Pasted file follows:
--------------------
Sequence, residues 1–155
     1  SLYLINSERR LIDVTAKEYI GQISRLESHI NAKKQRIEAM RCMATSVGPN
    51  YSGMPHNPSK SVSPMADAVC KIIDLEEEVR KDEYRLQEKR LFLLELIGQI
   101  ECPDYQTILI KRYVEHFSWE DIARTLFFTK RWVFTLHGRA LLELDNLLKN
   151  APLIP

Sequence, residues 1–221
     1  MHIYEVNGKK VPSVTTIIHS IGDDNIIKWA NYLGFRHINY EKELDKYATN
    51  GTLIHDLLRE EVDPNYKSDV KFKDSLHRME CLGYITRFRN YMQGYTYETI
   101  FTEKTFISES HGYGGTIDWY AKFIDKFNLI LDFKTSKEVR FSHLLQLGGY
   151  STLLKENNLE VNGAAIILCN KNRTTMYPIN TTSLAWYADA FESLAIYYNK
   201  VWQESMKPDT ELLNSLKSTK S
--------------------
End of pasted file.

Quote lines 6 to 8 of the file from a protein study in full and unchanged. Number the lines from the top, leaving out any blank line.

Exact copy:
Sequence, residues 1–221
     1  MHIYEVNGKK VPSVTTIIHS IGDDNIIKWA NYLGFRHINY EKELDKYATN
    51  GTLIHDLLRE EVDPNYKSDV KFKDSLHRME CLGYITRFRN YMQGYTYETI